Just as The Brexit Party under Nigel Farage is about to sweep the political board in tomorrow's elections, in steps the Electoral Commission and the EU Parliament with funding investigations.


In the last couple of days Nigel Farage has become the centre of attention for not just the EU elections but also for two political financial investigations.

One is from the EU Parliament that comes after a Channel 4 documentary that says that The Brexit Party leader was given generous funds by Arron Banks during the 2016 EU referendum, with the Guardian reporting:

"Invoices, emails and documents showed Farage benefited from a £13,000-a-month Chelsea home, a car with a driver, and promotional visits to the US in 2016."

As a consequence the president of the EU parliament, Antonio Tajani, has referred Nigel Farage to an advisory committee.

The second investigation came from the UK Electoral Commission that visited the offices of The Brexit Party yesterday to investigate whether irregular payments were being made to the party. And it's funny how that visit came hard on the heels of a Gordon Brown speech that referred to Nigel Farage as being a 'man of the Paypal' not of the people.

Now, in a Press Association video, Mr Farage said that his team went to the Electoral Commission last week and The Brexit Party was given a clean bill of health, although the Commission would not put that in writing. So they asked the Electoral Commission to visit The Brexit Party's premises and the reply they got from the Commission, says Farage, is that they didn't have the time.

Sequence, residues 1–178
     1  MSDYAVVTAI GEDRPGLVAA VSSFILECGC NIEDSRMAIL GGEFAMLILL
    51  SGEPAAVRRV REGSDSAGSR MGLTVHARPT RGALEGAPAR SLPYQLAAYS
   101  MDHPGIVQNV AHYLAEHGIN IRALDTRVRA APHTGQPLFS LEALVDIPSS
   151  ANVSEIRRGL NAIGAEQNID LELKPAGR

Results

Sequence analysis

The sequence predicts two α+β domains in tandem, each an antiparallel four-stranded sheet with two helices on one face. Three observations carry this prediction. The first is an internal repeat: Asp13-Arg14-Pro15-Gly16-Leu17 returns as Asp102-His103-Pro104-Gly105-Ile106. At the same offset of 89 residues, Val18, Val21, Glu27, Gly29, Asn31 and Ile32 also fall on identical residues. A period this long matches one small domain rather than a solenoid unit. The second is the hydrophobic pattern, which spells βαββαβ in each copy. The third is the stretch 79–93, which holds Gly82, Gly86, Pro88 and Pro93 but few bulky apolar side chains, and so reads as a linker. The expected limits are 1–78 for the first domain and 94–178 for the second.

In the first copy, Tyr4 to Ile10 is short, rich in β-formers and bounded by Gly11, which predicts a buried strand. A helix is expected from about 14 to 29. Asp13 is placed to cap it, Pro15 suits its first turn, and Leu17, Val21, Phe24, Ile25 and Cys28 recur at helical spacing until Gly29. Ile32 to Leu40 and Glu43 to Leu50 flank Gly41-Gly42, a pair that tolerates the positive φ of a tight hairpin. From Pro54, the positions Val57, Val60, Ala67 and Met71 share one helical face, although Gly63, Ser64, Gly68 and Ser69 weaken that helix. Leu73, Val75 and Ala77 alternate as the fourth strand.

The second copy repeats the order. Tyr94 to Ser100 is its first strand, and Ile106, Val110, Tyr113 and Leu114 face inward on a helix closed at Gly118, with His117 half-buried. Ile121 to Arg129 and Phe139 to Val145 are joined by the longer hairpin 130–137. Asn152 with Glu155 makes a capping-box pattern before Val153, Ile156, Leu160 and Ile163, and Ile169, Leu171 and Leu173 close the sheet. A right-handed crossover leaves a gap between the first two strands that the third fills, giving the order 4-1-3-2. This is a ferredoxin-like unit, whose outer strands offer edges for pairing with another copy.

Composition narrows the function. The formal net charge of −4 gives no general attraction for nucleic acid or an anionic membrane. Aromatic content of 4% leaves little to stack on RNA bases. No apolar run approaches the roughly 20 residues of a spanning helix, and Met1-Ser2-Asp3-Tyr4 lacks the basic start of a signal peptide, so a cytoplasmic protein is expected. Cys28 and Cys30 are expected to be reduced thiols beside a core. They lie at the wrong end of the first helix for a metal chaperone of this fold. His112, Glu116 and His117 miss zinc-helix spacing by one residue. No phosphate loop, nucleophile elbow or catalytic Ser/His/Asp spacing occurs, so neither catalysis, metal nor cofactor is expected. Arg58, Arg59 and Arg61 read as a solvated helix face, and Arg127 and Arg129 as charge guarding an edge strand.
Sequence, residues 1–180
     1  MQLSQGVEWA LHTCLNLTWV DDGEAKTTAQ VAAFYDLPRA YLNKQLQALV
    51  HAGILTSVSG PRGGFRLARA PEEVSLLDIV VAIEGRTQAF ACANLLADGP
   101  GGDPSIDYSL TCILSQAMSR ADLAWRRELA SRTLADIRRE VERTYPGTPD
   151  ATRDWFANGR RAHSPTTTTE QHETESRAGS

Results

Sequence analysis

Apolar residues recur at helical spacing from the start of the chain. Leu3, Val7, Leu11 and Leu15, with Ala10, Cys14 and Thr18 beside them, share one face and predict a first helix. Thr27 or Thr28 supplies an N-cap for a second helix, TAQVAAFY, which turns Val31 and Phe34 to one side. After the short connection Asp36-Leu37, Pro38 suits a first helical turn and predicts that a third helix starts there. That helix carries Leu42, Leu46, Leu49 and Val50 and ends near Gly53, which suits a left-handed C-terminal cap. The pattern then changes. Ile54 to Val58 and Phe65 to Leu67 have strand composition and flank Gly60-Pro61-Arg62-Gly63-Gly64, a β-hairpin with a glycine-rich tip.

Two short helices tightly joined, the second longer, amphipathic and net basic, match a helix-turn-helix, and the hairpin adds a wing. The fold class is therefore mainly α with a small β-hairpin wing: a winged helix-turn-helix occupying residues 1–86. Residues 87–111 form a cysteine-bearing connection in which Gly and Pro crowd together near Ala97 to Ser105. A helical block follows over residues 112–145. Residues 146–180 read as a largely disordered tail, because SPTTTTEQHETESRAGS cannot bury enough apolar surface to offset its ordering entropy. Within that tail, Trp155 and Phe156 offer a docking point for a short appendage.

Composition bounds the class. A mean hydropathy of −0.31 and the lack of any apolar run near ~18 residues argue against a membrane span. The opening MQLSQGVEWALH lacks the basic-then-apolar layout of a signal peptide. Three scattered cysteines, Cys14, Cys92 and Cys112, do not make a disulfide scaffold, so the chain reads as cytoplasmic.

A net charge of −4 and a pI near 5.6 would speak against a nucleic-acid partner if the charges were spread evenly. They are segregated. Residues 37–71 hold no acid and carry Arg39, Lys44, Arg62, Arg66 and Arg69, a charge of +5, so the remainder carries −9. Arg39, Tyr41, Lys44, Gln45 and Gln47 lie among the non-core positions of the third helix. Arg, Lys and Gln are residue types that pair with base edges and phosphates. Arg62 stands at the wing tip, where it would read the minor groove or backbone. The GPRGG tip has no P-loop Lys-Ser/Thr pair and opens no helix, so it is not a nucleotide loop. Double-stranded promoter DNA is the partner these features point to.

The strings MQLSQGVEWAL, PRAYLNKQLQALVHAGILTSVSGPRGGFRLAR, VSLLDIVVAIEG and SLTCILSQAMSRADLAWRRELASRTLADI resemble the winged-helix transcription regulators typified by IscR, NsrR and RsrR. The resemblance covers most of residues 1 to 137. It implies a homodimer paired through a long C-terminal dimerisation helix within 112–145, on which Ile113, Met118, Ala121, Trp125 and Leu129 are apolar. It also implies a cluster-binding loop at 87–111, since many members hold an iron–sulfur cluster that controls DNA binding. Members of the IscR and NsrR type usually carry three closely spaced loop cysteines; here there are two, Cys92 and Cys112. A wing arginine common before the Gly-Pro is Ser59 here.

"And then," says Farage, "in an act of bad faith, which actually is political interference, suddenly they are appearing in the offices because, as their press release says, something might be wrong."

"It is an outrageous act of political interference, timed beautifully to coincide with Gordon Brown's speech."

And he went on to say that he has a team of four qualified accountants looking after this and that he would bet that he has the most compliant party in the elections.

Very sensible, as he knows how much scrutiny he and his party will now be put under.

But it seems that the Electoral Commission should be more concerned with how these elections are actually being run than conducting what appears to be a one sided compliance investigation, as there seems to be two major flaws in this particular election.

First, thousands of EU citizens living in the UK appear to have been given incorrect information or not been given the correct forms to fill in to allow them to vote tomorrow.

And the Independent reports that:

"An official complaint to the Electoral Commission accuses the watchdog of having “reneged on a commitment” to avoid a repeat of the same problems at the last EU elections, five years ago."

Calls are now being made for the forms to be available to EU27 citizens at the polling booths where they can sign to declare they are only voting here in the UK.

And second, a large number of UK citizens living abroad may have been disenfranchised by the postal system.

According to a BBC report some local councils did not use Royal Mail to send out the forms and some of the forms went via the Netherlands to get to France with many arriving late and some not at all.

Now, these elections were called late in the day, so surely the Electoral Commission should have been all over this sort of thing. Surely they must have put extra personnel and resources into making sure things ran smoothly?

But it turns out that while the Electoral Commission is hunting around for evidence that The Brexit Party is running a banana republic campaign, it is the Electoral Commission that is overseeing a banana republic style election.

You just couldn't make it up!





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